Blackpool residents are risking a health crisis by relying too heavily on antibiotics which could make them resistant to treatment and put their lives at risk.
According to figures from Public Health England, there has been a marked increase nationally in resistance to antibiotics over the last five years.
This is caused, in part, by an increase in the prescribing of antibiotics.
Figures show that Blackpool has the highest rate of antibiotic prescribing in the North West with 228 antibiotic items per 1,000 residents being prescribed in the second quarter of 2016. This means Blackpool residents are most at risk of becoming treatment resistant.
Antibiotic resistance is one of the biggest threats facing us today. Without effective antibiotics many routine treatments will become increasingly dangerous. Setting broken bones, basic operations and even chemotherapy all rely on access to antibiotics that work.
The more we use antibiotics, the greater the chance that bacteria will become resistant to them so that they no longer work on infections.
Dr Amanda Doyle, a Blackpool GP and Chief Clinical Officer at NHS Blackpool Clinical Commissioning Group (CCG), said: “Part of the problem is that when people feel ill with mild infections they will go to their GP and expect to be given antibiotics.
“Many antibiotics are prescribed and used for mild infections when they don’t need to be.
“We need people to become more aware of the issue and not to depend so heavily on antibiotics. All colds and most coughs, sinusitis, earache and sore throats generally get better without antibiotics.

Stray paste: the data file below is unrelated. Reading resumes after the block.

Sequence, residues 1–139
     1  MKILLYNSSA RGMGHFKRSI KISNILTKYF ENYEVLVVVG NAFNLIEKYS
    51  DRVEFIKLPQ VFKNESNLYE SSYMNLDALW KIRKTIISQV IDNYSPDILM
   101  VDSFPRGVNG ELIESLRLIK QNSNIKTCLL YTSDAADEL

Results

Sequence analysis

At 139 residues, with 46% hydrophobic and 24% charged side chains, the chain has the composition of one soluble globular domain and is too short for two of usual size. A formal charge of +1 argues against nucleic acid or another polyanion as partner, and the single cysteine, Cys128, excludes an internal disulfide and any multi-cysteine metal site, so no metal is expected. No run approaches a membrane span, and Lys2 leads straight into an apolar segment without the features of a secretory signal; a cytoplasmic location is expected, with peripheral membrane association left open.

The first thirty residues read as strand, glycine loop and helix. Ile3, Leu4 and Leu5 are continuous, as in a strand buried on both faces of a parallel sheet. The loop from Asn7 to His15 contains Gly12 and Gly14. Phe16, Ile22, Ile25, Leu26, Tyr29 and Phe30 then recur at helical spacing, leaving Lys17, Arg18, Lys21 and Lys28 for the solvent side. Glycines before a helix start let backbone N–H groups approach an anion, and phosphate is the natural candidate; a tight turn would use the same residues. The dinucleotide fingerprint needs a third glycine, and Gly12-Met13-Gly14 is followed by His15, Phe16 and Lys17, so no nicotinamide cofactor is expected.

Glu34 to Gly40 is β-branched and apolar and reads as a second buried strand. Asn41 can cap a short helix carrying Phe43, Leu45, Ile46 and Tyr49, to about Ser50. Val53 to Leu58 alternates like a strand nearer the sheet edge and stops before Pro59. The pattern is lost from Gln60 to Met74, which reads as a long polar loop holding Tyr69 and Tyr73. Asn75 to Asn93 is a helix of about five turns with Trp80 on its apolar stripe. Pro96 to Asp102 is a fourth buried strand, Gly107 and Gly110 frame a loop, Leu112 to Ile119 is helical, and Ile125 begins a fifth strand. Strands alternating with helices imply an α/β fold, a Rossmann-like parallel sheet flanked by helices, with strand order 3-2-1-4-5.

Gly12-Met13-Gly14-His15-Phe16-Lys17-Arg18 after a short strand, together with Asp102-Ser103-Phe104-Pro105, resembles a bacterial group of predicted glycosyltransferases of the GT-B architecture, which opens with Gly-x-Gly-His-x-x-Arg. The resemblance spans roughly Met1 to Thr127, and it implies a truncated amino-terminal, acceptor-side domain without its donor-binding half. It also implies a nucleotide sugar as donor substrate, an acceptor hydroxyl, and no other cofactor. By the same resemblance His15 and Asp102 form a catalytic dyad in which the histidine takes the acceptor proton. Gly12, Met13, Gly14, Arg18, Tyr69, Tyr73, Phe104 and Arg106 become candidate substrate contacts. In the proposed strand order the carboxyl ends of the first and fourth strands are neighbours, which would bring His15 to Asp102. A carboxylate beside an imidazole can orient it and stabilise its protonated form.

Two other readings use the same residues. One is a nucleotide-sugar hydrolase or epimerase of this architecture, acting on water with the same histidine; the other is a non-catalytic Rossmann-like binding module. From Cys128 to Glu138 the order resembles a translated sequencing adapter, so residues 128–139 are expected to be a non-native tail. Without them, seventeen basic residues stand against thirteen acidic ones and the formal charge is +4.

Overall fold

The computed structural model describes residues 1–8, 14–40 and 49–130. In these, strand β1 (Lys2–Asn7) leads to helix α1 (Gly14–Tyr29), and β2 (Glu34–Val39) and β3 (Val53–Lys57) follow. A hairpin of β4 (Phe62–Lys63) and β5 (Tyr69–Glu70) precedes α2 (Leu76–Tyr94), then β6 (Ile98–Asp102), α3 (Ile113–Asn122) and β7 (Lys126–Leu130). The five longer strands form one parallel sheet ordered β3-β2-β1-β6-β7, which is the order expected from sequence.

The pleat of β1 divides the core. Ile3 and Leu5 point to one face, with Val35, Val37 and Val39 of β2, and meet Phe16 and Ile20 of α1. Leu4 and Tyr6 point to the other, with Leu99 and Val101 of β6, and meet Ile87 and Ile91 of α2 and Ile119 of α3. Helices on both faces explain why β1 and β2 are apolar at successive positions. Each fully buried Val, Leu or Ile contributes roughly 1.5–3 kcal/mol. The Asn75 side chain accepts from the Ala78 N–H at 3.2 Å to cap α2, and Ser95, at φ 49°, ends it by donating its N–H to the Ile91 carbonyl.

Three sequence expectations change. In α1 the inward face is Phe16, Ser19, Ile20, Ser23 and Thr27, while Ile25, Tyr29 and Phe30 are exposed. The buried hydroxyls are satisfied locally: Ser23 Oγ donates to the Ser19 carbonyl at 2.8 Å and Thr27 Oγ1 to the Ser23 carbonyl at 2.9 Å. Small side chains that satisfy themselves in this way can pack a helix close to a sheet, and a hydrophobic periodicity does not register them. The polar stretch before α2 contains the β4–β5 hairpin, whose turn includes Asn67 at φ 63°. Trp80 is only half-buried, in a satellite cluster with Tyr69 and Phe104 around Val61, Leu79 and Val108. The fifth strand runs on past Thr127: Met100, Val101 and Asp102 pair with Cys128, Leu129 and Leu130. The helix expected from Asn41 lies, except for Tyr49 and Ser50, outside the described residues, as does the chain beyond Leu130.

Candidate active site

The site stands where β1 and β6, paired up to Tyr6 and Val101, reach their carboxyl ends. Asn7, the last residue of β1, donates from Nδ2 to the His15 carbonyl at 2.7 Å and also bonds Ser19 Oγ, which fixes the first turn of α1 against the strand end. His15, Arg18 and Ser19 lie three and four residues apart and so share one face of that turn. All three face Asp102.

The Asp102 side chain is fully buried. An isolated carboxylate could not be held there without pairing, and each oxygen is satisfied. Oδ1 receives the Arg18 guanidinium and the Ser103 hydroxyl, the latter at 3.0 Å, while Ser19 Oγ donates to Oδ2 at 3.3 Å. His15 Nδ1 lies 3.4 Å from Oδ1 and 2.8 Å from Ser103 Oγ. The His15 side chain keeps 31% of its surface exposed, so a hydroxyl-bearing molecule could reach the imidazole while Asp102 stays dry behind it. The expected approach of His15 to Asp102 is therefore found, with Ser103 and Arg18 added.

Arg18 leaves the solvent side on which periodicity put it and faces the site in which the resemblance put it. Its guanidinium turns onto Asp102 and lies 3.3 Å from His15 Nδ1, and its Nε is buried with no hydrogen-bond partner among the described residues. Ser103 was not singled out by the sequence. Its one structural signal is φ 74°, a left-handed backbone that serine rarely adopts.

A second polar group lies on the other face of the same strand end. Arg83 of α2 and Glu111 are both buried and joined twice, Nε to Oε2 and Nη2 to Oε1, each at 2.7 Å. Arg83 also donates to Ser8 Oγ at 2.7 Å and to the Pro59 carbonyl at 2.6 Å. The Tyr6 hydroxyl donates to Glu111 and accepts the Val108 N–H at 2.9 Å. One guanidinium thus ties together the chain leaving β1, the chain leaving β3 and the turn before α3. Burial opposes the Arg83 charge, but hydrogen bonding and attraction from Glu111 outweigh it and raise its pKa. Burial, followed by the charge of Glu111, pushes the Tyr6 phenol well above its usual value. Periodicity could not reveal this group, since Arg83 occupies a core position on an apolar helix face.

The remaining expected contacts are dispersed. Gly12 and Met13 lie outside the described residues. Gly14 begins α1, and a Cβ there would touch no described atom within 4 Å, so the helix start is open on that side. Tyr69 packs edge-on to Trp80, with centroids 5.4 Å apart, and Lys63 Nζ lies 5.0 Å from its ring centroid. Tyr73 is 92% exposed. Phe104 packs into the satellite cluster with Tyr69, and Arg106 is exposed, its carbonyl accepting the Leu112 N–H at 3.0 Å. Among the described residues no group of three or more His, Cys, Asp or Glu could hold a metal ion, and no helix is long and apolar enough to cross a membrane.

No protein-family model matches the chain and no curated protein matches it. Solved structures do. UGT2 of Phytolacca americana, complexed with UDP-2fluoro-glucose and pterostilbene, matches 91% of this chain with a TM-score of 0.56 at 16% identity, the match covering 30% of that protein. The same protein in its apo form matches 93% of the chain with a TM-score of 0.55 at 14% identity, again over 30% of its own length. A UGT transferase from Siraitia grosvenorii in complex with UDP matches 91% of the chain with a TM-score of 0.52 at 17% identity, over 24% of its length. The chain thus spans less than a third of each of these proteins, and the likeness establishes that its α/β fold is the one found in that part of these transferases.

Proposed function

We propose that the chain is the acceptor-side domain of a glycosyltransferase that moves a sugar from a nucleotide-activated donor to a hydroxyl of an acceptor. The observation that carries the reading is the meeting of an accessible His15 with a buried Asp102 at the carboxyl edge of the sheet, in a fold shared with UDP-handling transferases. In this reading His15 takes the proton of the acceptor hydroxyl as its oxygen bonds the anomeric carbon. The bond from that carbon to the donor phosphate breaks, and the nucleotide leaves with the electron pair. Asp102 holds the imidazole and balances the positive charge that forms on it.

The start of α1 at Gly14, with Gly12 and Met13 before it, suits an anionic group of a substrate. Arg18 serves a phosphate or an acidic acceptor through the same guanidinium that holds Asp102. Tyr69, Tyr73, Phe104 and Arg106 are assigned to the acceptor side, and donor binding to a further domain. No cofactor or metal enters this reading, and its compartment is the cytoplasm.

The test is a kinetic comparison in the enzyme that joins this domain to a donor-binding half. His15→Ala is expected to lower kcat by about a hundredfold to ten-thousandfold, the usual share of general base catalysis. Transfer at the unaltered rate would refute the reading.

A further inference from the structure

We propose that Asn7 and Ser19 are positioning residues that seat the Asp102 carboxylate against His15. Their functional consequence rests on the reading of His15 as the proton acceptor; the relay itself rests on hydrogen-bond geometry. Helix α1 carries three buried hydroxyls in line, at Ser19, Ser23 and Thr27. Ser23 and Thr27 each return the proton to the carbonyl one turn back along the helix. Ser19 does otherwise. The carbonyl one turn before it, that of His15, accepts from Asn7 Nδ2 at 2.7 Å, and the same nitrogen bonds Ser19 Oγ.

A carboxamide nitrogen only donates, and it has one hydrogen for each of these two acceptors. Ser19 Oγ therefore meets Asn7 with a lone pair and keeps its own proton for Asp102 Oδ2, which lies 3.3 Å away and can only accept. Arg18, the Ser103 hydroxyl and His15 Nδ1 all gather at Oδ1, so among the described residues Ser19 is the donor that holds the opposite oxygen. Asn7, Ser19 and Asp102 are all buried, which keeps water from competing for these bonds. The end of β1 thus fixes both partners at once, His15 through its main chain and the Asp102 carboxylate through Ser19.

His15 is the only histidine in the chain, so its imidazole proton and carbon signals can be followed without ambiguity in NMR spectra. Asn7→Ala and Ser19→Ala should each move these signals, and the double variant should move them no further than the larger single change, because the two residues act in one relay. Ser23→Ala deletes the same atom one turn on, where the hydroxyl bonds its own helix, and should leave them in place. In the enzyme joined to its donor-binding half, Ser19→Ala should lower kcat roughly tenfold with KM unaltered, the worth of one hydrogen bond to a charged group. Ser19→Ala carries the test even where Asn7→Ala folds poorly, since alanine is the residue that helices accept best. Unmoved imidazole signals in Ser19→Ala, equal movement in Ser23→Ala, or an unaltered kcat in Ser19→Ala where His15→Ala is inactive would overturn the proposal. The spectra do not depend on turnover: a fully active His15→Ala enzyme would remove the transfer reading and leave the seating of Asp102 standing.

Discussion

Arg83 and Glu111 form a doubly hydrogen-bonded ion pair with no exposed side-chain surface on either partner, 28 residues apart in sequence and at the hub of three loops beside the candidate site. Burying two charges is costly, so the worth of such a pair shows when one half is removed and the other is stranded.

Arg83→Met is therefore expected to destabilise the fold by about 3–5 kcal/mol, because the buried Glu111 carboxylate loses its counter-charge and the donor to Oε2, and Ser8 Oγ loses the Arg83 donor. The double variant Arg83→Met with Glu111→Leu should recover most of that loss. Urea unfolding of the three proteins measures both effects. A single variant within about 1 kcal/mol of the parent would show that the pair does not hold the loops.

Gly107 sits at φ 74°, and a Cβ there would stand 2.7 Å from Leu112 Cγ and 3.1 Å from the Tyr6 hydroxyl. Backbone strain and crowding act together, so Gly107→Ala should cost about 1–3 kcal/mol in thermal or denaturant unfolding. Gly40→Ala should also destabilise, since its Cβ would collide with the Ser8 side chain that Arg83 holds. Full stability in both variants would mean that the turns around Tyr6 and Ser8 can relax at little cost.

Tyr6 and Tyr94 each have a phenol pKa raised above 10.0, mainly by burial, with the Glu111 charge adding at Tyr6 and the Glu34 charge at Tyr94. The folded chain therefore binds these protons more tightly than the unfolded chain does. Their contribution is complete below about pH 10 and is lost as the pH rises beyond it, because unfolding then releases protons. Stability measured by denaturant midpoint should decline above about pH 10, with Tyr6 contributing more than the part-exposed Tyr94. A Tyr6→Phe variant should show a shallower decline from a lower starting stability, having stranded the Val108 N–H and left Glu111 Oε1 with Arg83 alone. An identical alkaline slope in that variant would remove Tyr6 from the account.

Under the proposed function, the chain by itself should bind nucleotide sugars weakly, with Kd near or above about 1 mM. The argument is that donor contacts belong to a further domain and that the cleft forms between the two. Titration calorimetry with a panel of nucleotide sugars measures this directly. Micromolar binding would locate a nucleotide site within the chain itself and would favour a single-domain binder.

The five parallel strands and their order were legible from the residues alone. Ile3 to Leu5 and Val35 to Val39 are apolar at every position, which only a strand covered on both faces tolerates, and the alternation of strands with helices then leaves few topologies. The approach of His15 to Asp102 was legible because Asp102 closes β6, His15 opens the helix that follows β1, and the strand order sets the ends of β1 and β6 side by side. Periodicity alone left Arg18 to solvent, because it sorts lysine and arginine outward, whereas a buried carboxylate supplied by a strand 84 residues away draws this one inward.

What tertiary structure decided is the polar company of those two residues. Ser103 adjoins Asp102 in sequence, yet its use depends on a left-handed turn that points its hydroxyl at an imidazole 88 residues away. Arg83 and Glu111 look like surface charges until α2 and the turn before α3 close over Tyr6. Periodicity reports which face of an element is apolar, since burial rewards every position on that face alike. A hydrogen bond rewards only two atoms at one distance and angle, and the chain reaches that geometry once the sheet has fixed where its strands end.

“We have an amazing immune system that can fight most infections on its own given time and plenty of rest to do its job. Antibiotics are seen as a quick fix but if we become resistant to them they won’t work when they are really needed.
“For example, if someone has an operation their immune system is weakened and they are susceptible to infection. Those infections can be serious so antibiotics are needed to help fight the infection. If your infection becomes resistant to antibiotics then your body won’t be able to fight the infection and that could be potentially life threatening.”
The CCG is supporting a campaign to encourage people to give their immune system a chance to fight an illness itself and not rely so heavily on antibiotics. It is asking local people to become ‘Antibiotic Guardians.’
More information on the issue can be found at www.antibioticguardian.com.
Antibiotics should be taken as prescribed, never saved for later or shared with others; it is important we use antibiotics in the right way, the right drug, at the right dose, at the right time for the right duration. Appropriate use of antibiotics will slow down the development of antibiotic resistance.
Community pharmacists are well placed to help provide advice on over the counter medicines to treat symptoms and help with self-care.
For further information about this press release please call the communications team at NHS Blackpool CCG on 01253 956594.